Virginia Gov. Bob McDonnell has counted up some of the jobs and dollars his 2011 transportation plan brought to the commonwealth.

Economists with the Virginia Department of Transportation calculated that 10 projects in last year’s $4 billion transportation plan resulted in 3,700 construction jobs, $190.8 million in personal income and $14.8 million in state and local tax revenues.

“It’s also important to recognize the secondary or less quantifiable impacts of these particular road construction projects, in addition to the many others VDOT is managing,” Secretary of Transportation Sean Connaughton said. “The money construction firms and their workers spend in a community during the project, on food, lodging and other goods, benefits others in the locales.”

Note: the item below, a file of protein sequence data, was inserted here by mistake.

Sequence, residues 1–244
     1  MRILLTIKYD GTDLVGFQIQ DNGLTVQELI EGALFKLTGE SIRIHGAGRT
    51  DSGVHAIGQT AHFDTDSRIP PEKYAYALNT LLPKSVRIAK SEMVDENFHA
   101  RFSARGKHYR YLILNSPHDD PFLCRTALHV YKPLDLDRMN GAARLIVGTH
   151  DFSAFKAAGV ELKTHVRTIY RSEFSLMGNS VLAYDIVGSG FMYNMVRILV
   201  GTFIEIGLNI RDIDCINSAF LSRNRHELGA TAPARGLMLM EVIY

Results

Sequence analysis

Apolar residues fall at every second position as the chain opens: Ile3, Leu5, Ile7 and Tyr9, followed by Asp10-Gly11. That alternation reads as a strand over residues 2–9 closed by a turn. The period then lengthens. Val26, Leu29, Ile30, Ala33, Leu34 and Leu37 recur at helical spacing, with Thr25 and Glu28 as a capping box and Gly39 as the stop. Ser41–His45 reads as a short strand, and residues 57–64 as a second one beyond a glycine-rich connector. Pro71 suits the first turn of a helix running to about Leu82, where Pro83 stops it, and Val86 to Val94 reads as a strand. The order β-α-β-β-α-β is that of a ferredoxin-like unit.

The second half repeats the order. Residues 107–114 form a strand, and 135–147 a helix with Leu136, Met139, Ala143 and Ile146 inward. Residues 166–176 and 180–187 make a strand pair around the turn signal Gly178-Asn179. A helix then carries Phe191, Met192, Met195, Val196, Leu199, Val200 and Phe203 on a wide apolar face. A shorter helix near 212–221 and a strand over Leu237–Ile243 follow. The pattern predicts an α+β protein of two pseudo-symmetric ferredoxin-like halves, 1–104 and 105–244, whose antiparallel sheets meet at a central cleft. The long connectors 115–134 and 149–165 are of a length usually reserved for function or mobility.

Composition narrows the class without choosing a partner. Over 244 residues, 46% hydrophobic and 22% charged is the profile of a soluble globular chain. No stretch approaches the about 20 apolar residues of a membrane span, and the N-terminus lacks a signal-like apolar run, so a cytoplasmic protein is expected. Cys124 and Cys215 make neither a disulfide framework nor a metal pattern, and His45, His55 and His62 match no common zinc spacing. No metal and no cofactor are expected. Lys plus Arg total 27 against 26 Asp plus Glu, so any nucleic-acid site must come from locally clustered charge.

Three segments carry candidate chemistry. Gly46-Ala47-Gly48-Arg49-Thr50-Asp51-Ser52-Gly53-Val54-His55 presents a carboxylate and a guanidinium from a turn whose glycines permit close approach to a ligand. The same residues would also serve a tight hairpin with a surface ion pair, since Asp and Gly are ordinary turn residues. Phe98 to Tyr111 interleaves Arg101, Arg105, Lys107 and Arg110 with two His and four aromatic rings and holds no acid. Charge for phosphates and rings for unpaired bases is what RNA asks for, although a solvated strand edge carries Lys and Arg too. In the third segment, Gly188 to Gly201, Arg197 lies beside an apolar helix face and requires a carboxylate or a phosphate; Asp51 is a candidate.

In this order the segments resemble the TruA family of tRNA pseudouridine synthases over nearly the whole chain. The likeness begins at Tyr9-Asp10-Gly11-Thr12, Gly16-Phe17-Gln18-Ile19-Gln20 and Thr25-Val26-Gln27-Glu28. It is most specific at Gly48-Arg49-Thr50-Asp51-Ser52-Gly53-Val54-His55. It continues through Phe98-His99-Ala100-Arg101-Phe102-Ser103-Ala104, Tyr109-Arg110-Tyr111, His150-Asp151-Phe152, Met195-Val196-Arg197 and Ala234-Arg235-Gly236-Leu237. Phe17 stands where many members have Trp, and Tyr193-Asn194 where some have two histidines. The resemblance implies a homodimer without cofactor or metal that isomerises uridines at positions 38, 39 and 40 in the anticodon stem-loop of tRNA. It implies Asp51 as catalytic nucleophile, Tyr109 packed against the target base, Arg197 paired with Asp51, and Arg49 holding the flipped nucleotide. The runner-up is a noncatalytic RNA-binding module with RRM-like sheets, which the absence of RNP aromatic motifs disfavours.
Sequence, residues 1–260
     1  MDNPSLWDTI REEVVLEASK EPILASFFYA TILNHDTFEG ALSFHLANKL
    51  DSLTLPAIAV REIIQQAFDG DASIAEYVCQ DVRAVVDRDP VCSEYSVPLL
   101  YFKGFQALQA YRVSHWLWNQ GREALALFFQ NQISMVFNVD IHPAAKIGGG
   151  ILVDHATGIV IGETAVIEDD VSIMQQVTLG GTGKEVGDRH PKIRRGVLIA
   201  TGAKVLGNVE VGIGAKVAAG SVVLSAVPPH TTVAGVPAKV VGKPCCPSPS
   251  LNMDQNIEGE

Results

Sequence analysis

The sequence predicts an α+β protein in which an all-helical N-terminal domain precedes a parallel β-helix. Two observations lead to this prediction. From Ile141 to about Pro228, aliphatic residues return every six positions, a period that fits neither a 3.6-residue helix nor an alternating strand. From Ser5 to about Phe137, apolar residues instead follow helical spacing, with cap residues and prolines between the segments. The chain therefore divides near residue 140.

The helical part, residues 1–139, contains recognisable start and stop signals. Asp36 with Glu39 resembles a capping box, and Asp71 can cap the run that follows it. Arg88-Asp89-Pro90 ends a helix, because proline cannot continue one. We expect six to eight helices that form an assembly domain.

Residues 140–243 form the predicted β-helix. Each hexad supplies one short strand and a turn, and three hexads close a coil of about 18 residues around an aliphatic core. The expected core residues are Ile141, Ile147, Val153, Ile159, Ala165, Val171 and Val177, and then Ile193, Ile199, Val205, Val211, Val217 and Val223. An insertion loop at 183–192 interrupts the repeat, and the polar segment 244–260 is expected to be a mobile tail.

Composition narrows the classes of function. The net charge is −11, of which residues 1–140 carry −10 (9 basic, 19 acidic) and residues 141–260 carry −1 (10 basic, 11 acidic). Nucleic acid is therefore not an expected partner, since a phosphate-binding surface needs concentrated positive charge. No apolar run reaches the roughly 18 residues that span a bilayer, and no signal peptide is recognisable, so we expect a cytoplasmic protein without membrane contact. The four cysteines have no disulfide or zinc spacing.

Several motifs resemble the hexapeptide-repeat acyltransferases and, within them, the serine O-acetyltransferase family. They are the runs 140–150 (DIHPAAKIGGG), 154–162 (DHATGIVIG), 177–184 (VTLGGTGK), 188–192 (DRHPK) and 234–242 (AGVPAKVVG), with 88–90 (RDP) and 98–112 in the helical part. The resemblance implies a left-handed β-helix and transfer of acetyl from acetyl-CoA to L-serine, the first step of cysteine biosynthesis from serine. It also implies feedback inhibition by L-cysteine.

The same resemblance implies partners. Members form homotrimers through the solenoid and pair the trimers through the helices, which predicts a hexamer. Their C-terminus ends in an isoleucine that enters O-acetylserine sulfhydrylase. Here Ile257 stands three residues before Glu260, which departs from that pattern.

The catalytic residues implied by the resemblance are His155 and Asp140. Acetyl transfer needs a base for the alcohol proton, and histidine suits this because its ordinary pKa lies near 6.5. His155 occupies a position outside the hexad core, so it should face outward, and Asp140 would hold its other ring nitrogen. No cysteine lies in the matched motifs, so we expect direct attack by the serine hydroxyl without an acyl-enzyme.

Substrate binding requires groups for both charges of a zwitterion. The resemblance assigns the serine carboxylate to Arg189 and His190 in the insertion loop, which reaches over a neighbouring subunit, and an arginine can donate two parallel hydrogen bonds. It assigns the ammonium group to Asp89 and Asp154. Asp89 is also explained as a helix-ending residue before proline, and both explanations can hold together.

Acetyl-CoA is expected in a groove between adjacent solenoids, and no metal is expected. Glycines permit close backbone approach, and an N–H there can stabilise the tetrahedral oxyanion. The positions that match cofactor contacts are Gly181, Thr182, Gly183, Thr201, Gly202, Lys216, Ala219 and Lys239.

The numbers come as the governor attempts to push his 2012 transportation plan, which hinges on redirecting sales tax revenues to transportation, through a General Assembly critical of the governor for not raising the gas tax or providing some other dedicated money to fix the state’s crumbling roads and bridges.

Critics say the governor’s 2011 plan, a mix of bonds and public-private partnership, needs to be followed by new streams of money to transportation, not just funds taken from other sections of the state’s budget.

The governor recently revised his 2012 plan, eliminating his idea for a new state agency to oversee toll roads.

McDonnell also amended a provision that would have dedicated 1 percent of general fund revenue to transportation in years when general fund growth exceeds 5 percent. The new provision dedicates that money when growth exceeds 8 percent — something that’s happened in 11 of the last 25 years, according to the Northern Virginia Transportation Alliance, a group critical of the governor’s plan.